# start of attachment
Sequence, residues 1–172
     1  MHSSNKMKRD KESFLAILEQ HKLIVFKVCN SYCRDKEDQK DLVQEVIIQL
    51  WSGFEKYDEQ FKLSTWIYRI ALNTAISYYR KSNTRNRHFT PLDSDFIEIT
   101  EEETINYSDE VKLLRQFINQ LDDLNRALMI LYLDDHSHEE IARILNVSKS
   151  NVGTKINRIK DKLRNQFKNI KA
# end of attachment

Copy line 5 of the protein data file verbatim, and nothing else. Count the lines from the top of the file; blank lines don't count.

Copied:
   151  NVGTKINRIK DKLRNQFKNI KA